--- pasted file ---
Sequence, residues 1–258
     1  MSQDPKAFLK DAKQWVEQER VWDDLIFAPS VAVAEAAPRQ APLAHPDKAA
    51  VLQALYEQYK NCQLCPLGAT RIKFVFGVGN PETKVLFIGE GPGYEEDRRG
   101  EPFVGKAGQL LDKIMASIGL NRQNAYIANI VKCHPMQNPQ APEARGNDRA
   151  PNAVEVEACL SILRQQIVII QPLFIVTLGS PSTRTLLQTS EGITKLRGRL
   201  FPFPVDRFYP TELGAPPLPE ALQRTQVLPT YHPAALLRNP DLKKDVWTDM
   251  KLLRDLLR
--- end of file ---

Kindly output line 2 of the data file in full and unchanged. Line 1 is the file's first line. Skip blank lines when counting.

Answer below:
     1  MSQDPKAFLK DAKQWVEQER VWDDLIFAPS VAVAEAAPRQ APLAHPDKAA